Sebastopol, CA--There is no shortage of languages in the world of technology: programming languages alone are described as high-level, low-level, object-oriented, procedural, scripting, markup, and so on. The Unified Modeling Language, or UML, is none of these, although it draws much of its terminology from Object-Oriented Programming (OOP). On the surface, it's a visual language for capturing software designs and patterns. Dig a little deeper, however, and you'll find that UML can be applied to quite a few different areas and can capture and communicate everything from company organization to business processes to distributed enterprise software.
Now the standard for modeling software application, UML is growing in popularity in modeling other domains. Still, there are plenty of people who are mystified by the difference in line endings on a class diagram, puzzle over the folded corner of a rectangle, or are baffled by an interactive diagram. For these newcomers to UML, and for experienced users who want a thorough reference to the language, Dan Pilone and Neil Pitman have written UML 2.0 in a Nutshell (O'Reilly, US $34.95), a comprehensive guide to the syntax and semantics of the Unified Modeling Language.
According to Pilone and Pitman, UML is intended to be a common way of capturing and expressing relationships, behaviors, and high-level ideas in a notation that's easy to learn and efficient to write. Software developers and architects are the primary audience for "UML 2.0 in a Nutshell" but the authors have written the book to accessible to as many people as possible. "In particular, we thought about project managers, business analysts, and requirements analysts," says Pilone. "We discuss modeling business organizations, real-time systems, and databases. The book is very readable and tries to very the examples across domains."
Pilone also observes, "As software becomes more and more complex, any tool that helps raise the level of abstraction and increase communication is critical. The industry as a whole is recognizing this along with concepts like Model Driven Architecture (MDA) and Domain Specific Languages (DSLs). UML is central to MDA and a source of inspiration for concepts in DSLs."
Since UML's first release, it has gone through several revisions and refinements leading up to the current version. Each revision has addressed problems and shortcomings identified in the previous version. UML 2.0 is the largest UML specification in terms of page count, but it represents the cleanest, most compact version of UML yet. In their coverage of it, the authors include:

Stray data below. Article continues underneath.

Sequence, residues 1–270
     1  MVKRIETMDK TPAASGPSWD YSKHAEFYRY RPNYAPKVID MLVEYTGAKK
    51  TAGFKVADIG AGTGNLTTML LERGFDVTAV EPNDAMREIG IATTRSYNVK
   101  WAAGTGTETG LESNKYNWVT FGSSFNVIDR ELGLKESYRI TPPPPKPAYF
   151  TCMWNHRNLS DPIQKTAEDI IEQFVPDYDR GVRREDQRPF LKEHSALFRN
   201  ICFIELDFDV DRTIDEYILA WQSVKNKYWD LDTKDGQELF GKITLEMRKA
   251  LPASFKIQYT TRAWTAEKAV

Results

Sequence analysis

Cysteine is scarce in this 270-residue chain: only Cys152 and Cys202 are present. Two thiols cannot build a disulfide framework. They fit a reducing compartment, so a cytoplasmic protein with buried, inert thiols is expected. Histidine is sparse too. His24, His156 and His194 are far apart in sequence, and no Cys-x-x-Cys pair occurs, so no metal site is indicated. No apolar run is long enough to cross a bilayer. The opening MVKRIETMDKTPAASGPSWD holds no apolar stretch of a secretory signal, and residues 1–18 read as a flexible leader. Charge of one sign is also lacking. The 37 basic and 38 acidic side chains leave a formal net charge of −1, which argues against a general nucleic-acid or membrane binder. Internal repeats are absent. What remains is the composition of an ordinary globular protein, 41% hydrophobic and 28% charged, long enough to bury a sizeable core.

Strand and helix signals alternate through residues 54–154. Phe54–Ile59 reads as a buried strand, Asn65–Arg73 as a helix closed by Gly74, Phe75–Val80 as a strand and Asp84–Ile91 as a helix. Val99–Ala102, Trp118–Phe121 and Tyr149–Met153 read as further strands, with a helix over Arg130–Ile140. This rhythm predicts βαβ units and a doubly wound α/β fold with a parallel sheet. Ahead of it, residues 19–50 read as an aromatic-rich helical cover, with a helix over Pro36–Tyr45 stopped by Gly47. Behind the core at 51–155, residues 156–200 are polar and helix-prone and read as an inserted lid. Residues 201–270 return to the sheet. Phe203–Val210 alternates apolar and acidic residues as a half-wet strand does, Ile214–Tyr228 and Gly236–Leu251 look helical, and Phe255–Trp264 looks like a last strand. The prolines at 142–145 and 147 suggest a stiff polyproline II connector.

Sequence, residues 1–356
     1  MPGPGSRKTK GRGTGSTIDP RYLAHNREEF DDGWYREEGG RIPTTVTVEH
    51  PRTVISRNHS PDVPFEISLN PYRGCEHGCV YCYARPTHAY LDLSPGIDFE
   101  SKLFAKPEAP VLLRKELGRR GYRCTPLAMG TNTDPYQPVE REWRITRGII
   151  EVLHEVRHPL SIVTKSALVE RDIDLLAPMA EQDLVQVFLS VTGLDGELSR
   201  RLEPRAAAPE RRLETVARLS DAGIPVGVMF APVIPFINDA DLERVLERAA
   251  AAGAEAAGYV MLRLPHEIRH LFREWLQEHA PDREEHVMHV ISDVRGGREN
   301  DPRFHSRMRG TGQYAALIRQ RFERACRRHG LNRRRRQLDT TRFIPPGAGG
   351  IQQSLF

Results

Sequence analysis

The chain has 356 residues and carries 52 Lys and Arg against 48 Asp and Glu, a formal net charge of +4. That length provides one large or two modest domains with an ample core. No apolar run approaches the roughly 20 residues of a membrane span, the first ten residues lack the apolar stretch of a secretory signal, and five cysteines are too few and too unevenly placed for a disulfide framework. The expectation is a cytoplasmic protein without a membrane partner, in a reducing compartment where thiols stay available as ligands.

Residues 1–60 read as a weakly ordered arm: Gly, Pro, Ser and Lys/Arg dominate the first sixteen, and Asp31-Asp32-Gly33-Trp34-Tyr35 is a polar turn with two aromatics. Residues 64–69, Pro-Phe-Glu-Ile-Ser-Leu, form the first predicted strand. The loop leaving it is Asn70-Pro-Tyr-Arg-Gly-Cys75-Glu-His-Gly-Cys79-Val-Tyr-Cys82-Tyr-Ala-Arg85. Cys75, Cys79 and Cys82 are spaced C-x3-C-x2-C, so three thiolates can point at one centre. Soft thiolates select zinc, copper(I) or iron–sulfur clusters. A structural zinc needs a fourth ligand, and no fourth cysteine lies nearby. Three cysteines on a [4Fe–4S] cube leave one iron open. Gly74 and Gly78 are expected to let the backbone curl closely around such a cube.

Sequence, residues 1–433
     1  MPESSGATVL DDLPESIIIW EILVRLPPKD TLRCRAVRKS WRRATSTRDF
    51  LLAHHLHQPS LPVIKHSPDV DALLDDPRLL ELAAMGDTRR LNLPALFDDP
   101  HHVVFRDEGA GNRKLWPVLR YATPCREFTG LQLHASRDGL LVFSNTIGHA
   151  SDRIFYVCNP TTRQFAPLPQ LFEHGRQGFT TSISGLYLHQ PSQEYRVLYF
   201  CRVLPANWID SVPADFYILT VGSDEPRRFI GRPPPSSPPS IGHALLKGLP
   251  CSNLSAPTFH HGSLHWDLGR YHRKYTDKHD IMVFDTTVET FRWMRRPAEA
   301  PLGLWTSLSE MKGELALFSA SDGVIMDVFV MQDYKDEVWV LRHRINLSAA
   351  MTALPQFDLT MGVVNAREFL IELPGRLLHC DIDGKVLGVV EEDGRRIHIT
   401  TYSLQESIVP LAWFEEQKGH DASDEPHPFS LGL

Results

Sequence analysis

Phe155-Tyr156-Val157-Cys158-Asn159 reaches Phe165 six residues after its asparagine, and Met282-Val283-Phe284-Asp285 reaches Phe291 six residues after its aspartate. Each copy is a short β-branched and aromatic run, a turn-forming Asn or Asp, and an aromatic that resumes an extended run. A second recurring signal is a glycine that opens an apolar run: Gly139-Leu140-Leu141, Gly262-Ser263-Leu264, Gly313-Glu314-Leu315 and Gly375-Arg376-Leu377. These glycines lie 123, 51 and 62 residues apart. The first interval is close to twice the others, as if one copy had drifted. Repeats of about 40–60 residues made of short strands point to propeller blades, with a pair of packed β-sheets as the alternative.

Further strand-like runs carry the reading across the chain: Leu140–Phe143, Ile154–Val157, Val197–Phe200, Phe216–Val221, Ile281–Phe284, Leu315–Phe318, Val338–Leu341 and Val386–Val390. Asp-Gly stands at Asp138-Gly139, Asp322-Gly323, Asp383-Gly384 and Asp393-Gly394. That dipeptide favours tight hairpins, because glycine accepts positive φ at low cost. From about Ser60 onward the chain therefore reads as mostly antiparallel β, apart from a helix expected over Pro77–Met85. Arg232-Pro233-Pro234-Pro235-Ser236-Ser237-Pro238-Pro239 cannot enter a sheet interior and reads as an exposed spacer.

UML 2.0 in a Nutshell is intended primarily as a reference but was written also to accommodate those learning the language. "Readers will develop a real appreciation for UML and know when to apply it and when to leave things off," says Pilone. "We touch on nearly every aspect of UML but really try to do it from a 'why you might care' perspective. We explicitly say when we feel a part of UML is complicated or rarely used, or more importantly, what parts really need to be understood inside and out."
The book makes no assumptions about the reader's knowledge of UML. Each chapter begins with a top-to-bottom discussion of the chapter's contents, offering plenty of examples and discussions of how UML can be applied beyond the obvious. "I want the book to be useful to people who know what they need to convey, but don't know how to model it, as well as people who have a diagram, but don't know what it means," says Pilone. As a result, UML 2.0 in a Nutshell is a complete guide to becoming fluent in UML.
- Chapter 7, "Use Case Diagrams"
- More information about the book, including table of contents, index, author bios, and samples
- A cover graphic in JPEG format
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